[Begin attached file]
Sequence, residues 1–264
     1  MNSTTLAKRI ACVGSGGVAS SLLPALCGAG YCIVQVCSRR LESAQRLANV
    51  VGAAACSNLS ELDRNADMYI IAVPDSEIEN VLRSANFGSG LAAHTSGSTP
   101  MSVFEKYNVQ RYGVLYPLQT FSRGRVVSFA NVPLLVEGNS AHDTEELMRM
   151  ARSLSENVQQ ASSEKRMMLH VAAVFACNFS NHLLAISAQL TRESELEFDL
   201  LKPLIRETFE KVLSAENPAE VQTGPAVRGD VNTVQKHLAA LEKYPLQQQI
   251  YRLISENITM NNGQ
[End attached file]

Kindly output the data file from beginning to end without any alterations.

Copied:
Sequence, residues 1–264
     1  MNSTTLAKRI ACVGSGGVAS SLLPALCGAG YCIVQVCSRR LESAQRLANV
    51  VGAAACSNLS ELDRNADMYI IAVPDSEIEN VLRSANFGSG LAAHTSGSTP
   101  MSVFEKYNVQ RYGVLYPLQT FSRGRVVSFA NVPLLVEGNS AHDTEELMRM
   151  ARSLSENVQQ ASSEKRMMLH VAAVFACNFS NHLLAISAQL TRESELEFDL
   201  LKPLIRETFE KVLSAENPAE VQTGPAVRGD VNTVQKHLAA LEKYPLQQQI
   251  YRLISENITM NNGQ